Reviews Michelin Commander II Tire Test (Honda VF700C): Long-term Update

Michelin Commander II Tire Test (Honda VF700C): Long-term Update

Our long-term evaluation of the Michelin Commander II cruiser tires as mounted on a 2007 Harley-Davidson 883R Sportster wrapped up in June 2018 with the tires showing strong long-mileage capability. The total mileage on the Michelins by the time they required replacement was 10,896 miles.

While that evaluation was still underway, we started a long-term evaluation of the Michelin Commander II tires on a 1985 Honda VF700C Magna.

Michelin Commander II Tire Test (Honda VF700C): Long-term UpdateWe wanted to compare how the two sets of tires are affected by the power characteristics of the Sportster’s low RPM grunt V-twin and the Honda’s high-revving V-four.

With winter coming on here in Wisconsin, we thought it a good time to have a look at how the Commander IIs are doing on the VF700C. As of this writing, the tires have 8,766 miles on them and look to have a lot more miles left in them.

The tires have required nothing more than standard maintenance of correct inflation pressure, routine wear and damage inspection, no burnouts, stoppies or use in competition including no street drags or track days.

The riding has included routine state highway, county and town road riding with occasional riding at Interstate highway speeds with normal (i.e. no heavy touring loading) day-to-day loads.

Michelin Commander II Tire Test (Honda VF700C) rearIndeed, the only thing that the tires have experienced that’s a little out of the ordinary was a very hard stop with rear-wheel lock to avoid hitting a deer. It was August 2017 on a local county trunk highway when I was traveling about 50 mph when I met a four-point buck whitetail deer in full stride coming right at me in my lane.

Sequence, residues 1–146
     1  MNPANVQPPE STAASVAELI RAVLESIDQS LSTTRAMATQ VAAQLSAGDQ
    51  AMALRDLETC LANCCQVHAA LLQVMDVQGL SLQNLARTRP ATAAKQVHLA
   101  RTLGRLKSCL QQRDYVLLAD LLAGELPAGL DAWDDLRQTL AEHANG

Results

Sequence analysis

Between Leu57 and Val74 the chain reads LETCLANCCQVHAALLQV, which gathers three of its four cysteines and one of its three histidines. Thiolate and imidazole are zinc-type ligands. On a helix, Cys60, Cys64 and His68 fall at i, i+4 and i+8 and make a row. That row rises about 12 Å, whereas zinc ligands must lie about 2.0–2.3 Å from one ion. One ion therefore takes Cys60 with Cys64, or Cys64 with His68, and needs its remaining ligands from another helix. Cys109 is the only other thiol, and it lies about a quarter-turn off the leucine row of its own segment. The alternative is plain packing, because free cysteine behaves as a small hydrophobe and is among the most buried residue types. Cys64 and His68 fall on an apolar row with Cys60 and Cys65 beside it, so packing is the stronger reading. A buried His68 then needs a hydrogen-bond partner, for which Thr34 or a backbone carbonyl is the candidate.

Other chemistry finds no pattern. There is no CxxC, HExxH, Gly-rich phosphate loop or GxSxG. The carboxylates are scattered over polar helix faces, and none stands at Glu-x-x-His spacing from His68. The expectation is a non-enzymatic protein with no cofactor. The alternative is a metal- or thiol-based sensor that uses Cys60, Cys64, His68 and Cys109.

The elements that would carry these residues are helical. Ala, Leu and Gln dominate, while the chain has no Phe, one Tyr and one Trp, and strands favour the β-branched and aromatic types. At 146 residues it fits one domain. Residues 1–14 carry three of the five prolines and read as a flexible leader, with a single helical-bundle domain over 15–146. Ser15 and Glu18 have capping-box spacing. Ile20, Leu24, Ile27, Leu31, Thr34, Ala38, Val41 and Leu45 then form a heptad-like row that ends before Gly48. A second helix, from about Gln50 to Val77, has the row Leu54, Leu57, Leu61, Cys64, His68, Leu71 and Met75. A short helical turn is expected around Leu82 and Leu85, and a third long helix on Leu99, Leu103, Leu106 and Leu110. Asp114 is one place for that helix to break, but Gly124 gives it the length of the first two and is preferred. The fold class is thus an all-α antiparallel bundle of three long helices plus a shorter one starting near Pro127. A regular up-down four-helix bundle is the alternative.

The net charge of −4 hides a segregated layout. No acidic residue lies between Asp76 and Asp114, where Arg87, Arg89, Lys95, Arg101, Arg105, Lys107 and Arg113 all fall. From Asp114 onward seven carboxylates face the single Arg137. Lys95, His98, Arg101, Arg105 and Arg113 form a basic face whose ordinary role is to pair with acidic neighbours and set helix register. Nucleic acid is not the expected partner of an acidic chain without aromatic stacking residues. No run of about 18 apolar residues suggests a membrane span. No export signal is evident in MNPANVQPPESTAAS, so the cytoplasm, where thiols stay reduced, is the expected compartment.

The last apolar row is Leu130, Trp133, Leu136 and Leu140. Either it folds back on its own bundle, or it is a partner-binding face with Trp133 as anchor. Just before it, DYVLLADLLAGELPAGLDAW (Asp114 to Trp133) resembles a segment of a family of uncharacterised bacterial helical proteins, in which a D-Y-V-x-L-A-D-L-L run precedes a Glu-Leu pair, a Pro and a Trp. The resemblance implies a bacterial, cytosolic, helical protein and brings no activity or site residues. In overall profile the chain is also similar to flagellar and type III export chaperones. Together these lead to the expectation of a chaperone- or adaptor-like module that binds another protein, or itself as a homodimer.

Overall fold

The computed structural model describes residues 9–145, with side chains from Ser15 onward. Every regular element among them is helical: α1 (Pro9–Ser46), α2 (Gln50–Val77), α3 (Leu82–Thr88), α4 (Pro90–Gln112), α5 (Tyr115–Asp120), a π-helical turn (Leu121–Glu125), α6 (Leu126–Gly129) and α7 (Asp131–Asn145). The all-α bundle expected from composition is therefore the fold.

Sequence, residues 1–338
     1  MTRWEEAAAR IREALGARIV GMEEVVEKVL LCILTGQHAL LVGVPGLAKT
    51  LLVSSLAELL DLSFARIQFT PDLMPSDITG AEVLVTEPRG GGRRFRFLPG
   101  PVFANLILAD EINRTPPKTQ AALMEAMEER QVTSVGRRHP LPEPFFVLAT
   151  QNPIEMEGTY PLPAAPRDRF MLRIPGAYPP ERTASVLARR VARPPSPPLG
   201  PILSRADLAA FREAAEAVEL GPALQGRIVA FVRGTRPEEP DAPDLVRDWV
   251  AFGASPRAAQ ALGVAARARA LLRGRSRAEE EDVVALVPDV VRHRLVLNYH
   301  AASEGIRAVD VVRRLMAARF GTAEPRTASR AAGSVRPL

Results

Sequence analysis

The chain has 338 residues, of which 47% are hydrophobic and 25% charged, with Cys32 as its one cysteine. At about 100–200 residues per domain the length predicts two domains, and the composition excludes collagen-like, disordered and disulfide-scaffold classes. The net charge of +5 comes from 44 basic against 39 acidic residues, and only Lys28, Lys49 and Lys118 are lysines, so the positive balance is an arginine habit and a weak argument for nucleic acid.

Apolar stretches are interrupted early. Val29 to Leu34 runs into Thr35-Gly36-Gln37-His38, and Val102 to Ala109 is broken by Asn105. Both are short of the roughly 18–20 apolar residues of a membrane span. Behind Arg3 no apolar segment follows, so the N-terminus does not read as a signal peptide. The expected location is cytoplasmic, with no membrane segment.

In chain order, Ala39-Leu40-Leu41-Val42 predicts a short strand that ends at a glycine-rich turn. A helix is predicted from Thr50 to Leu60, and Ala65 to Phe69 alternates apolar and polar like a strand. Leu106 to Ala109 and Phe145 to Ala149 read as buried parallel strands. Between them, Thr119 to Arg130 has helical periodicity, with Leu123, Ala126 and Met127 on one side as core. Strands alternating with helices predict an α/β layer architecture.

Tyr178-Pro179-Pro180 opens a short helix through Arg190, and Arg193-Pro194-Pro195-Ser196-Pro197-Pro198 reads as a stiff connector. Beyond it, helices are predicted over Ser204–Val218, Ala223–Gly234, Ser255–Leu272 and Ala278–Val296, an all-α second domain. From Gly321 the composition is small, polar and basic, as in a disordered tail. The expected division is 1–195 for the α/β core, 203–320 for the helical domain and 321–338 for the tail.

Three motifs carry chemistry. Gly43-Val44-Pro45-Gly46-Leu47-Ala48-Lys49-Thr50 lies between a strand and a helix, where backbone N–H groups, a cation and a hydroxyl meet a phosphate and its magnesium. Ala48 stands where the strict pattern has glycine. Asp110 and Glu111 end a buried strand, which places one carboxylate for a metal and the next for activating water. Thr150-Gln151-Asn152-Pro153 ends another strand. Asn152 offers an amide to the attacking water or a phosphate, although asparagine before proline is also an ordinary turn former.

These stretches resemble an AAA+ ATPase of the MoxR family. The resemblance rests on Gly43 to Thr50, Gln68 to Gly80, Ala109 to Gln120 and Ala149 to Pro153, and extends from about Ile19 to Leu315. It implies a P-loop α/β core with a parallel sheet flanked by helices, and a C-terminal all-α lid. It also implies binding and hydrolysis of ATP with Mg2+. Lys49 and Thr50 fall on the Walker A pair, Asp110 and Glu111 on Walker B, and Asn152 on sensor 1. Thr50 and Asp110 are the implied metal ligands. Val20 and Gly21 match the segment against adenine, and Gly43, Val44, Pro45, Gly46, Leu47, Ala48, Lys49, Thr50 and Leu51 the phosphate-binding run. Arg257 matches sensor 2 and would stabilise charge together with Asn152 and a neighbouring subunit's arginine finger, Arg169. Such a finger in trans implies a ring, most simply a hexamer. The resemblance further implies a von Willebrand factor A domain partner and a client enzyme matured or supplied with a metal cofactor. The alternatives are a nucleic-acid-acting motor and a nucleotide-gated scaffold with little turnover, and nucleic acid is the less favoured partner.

The front double-disc brakes on the Honda VF700C have an excellent progressive feel and good power, coupled with Honda’s TRAC anti-dive front suspension. The front brake did well, but the rear brake on the bike is good ol’ mechanical—non-hydraulic—expanding drum style equipment, with no ABS. In the heat of the moment, I pressed the foot brake hard enough to lock the rear brake resulting in a rubber-laying 20+ foot-long skid.

skid mark on motorcycle tires

The deer veered off to my left and crossed the road into the woods, I could let off the brakes, didn’t have to come to a complete stop and the bike stayed straight, but I thought there might be a flat spot visible after that. Turns out, there wasn’t really anything noticeable on the tire when I checked it out later.

At this point, this set of Commander IIs seems ready to go about as many miles as the set on the Sportster did, deer-evasion rear-wheel lock notwithstanding. We’ll see. Keep it tuned here for further updates.

For complete details, visit: www.michelinmotorcycle.com.

 

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